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JIS News

Eighteen-year old Salome Messam of Orlando and 12-year-old Briana M. Wright of Miramar, are the winners of the annual Jamaica Independence Essay Competition organized by the Miami office of the Jamaica Information Service (JIS).
Salome, who was born in the island and Briana, a second generation Jamaican, will be presented with congratulatory plaques from Jamaica’s Consul General to Miami, Ricardo Allicock.
The students, who were selected from entries received in the age categories 13 through 18 and nine through 12, chose their winning entries from a selection of six topics relating to the history and culture of Jamaica.
The essays, which also challenged the students to address issues affecting the Jamaican overseas communities, included topics such as community leadership, public service, entertainment, education, history, culture, geography and national development.
Salome gave her impression of how Jamaicans in the Diaspora have contributed to nation building, while Briana wrote of the outstanding work of charitable organizations in her area.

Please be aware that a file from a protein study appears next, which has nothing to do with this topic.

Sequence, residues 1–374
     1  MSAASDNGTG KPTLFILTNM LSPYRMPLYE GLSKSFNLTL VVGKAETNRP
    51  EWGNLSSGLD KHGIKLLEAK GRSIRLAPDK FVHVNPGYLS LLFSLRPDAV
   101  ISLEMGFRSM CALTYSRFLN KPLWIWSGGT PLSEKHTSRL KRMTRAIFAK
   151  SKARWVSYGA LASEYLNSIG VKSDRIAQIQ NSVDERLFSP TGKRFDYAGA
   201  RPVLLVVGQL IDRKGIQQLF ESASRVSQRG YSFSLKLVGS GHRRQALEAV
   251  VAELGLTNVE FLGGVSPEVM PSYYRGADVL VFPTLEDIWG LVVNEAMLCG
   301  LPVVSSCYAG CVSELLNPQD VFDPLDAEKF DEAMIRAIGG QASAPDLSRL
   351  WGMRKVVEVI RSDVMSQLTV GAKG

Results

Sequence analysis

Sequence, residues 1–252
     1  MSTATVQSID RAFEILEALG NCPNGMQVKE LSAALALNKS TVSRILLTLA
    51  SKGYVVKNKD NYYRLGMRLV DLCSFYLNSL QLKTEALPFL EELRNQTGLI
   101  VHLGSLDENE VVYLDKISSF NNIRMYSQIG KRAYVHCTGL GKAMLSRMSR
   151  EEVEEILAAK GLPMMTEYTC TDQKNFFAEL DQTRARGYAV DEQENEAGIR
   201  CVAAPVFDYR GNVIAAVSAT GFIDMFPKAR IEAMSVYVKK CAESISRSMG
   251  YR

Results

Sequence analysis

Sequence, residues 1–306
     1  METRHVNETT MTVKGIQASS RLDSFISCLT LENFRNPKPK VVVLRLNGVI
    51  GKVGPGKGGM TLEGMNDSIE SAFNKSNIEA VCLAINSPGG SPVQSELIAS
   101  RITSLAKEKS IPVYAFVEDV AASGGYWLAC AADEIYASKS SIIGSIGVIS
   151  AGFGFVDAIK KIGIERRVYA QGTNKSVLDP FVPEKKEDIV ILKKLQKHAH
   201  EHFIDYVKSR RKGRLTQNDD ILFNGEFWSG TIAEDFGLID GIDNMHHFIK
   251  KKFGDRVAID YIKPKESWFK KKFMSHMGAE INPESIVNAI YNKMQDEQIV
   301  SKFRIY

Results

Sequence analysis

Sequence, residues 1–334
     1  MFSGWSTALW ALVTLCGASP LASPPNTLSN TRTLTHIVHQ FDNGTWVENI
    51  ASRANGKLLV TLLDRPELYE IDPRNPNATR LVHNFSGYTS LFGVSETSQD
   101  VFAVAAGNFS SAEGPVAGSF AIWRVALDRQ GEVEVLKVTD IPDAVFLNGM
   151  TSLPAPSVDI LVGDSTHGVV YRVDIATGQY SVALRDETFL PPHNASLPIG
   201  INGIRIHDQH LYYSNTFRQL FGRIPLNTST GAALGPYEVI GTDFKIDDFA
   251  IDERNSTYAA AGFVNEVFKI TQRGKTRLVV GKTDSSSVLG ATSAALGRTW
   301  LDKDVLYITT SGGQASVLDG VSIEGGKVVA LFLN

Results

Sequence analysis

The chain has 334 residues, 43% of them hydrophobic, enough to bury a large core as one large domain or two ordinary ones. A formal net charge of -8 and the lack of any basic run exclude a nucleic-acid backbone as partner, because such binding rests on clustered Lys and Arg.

A graduate of Papine High School in St. Andrew, Salome recently migrated to the Orlando area. She said she found out about the competition while browsing the web. Salome is enrolled as a freshman at Valencia Community College in Central Florida for the fall semester, where she will pursue studies as a computer analyst. She also does poetry writing.
Briana, whose father is a Jamaican, said she was encouraged by her sister to enter the competition. She has expressed a desire to be more involved in her community and has visited Jamaica on several occasions to see her extended family.
A runner-up in the recent Miss Jamaica Florida Ambassadors 2007, Briana is a sixth grader at St. Francis Xavier School and attends the Antioch Baptist Church.
Now in its seventh year, the Jamaica Independence Essay Competition is open to first and second generation Jamaican children residing in Florida.
The competition forms part of activities to mark the annual Independence celebrations in Florida and is intended to advance community awareness while exposing young Jamaicans to their roots.